The Chaos Gods Come to Meatlandia
Old-School Essentials is THE modern dominant force in the OSR gaming scene, with a growing number of third-party products continually being released. Knight Owl Publishing continues to release new material under the OSE license. In its second edition, The Chaos Gods Come to Meatlandia is the first book of the Meatlandia trilogy followed by, Worm Witch: The Life and Death of Belinda Blood and The Scourge of the Scorn Lords: Meatlandia Book III.
The book that started it all brings new classes, Meat magic, monsters, and a dazzling array of random tables to the post-apocalyptic city of Meatlandia. Written for use with Old-School Essentials—The Chaos Gods Come to Meatlandia, 2nd edition, is the cornerstone of the trilogy—requiring only the OSE Core Rules or other compatible OSR systems.
Note: Knight Owl Publishing provided Rolling Boxcars with a review copy for this article. If you have an item you’d like Rolling Boxcars to review, please visit our Product Review Request page.
Meatlandia is the name given to the geographical landmass (Kingdom of Meatlandia) and its largest city. Everything in The Chaos Gods Come to Meatlandia applies to both the kingdom and city of Meatlandia. But it is the city itself which the book focuses heavily on. Meatlandia is a tumultuous, post-apocalyptical landmass under which Great Worms bore their way close enough to the surface to influence geological change. Chaos storms devastate much of the world. Over the years, the displaced survivors have flocked to the few remaining cities and border towns. Population centers still hold law and order in high regard, while others see throngs of worshippers gathering in Chaos Churches. The City of Meatlandia is a teeming cesspool that thrives as much upon death as it does life—ruled by the Meat Lord, a corrupt, iron-fisted tyrant.
Readers will be interested to know the book comprises two parts. Half of the book is dedicated to player-facing information, while the second half is specifically for the Referee.
This section includes seven new classes specific to the setting, a short overview of magic in Meatlandia and the forms it takes, and a grimoire of spells to expand the options available to spellcasters.
The seven new classes include three distinctly different Bard classes (Chaos DJ, Nexus Bard, Raconteur), Death’s Hand Assassin, Kaldane, Meat Mage, and Rust Knight. Like the weirdness of the setting itself, these new classes embody that same post-apocalyptic weirdness.
The Chaos DJ is impulsive and bitter, using a real-world music playlist as a form of magic. Where ever the Nexus Bard goes, so do weird happenings. They can harness and store Chaos to later attempt to summon Chaos Storms. On the other hand, the Raconteur is fast to make friends and win others over; they have an uncanny knack to form posses. Death’s Hand Assassins are trained killers belonging to the Death’s Hand, a shadow organization of assassins and spies; the assassins are their most dangerous operatives. The Kaldane is singularly weak, large-sexless humanoid heads with a symbiotic relationship with their headless Rykor mounts, making them formidable with mind control, spell casting, and physical presence. The Meat Mage is a specialist caster deriving power from Worm honeydew. They can cast 0-level cantrips at will, memorize spells as normal, and are masters of ritual spell casting. Finally, the Rust Knights are brave, honorable, and capable warriors who follow a strict chivalric code and serve the Rust Lord. They protect their allies.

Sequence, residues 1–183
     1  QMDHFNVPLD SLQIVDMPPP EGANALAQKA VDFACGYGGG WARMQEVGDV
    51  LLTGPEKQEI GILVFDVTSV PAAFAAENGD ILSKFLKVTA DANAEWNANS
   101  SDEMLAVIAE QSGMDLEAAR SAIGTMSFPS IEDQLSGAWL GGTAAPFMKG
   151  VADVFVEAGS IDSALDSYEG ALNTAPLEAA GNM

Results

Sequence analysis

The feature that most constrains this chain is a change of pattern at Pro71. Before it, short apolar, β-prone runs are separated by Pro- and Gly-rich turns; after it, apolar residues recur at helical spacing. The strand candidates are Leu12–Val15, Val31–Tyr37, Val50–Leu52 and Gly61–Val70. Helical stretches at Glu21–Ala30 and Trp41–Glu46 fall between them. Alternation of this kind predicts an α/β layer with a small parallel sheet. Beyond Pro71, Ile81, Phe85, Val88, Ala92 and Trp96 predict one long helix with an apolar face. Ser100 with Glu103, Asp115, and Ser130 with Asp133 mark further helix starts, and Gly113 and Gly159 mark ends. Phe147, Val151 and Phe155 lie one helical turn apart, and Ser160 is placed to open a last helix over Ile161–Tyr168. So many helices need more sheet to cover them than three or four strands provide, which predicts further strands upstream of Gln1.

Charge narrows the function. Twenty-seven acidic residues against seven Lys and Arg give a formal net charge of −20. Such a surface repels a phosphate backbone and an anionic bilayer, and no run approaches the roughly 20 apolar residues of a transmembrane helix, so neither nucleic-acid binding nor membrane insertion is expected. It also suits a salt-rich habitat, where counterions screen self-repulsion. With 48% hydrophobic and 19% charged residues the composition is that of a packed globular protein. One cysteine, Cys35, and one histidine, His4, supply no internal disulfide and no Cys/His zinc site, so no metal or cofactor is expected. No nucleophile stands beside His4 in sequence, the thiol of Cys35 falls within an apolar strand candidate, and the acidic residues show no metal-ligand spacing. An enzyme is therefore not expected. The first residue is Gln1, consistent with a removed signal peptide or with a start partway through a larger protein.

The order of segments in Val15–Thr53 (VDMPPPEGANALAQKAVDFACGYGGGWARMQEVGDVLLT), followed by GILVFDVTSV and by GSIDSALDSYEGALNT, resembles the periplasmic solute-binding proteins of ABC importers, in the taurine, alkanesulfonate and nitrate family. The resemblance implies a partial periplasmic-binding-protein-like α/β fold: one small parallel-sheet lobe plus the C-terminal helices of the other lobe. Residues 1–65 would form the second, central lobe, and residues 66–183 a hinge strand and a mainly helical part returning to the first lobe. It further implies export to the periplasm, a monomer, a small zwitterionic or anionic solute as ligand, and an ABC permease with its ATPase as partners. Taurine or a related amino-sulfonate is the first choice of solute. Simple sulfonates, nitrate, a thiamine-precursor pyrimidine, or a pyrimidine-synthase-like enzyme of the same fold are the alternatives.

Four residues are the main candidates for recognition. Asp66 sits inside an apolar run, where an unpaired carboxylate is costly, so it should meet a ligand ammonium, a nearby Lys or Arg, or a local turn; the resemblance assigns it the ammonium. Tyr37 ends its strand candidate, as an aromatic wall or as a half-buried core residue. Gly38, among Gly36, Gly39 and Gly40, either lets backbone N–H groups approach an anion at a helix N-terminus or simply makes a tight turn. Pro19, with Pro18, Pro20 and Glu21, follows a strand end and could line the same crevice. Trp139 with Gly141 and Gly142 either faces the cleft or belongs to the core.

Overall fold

Magic in Meatlandia is intrinsic to the daily lives of the citizenry who rely on Flesh Golems and Meatimals around the house to do domestic chores; Meatimals of all sizes are used to protect people, places, and things. As a result, Arcane Magic magic casters are ultra-rare in Meatlandia; they only get there through a Chaos Storm or other magical means. In place of Arcane Magic is Chaos Magic, which is as strange and sometimes as unpredictable as the Chaos Storms from which the magic flows.
Chaos Magic is used in the flesh factories in Meatlandia. Places where corpses are melted down to create Meatmen—transmuted aristocrats or soldiers in the Meat Lord’s army. Around this accepted practice is a black market in body parts that Meat Mages use to create other creations such as Flesh Golems for the rich and Meatimals for everyday citizens and businesses. Magic is more than just transmuted creations. It’s about harnessing the chaos and working it into a usable form and function, revolving around the idea of using one’s physical body parts to cause harm to others or to protect an ally’s physical body in some way. Meat Mages are restricted to the spells included in the Grimoire.
The Referee’s section is a literal what’s what and who’s who of Meatlandia—the city. Comprised of several chapters and copious amounts of random tables, it’s everything the Referee needs to bring Meatlandia alive.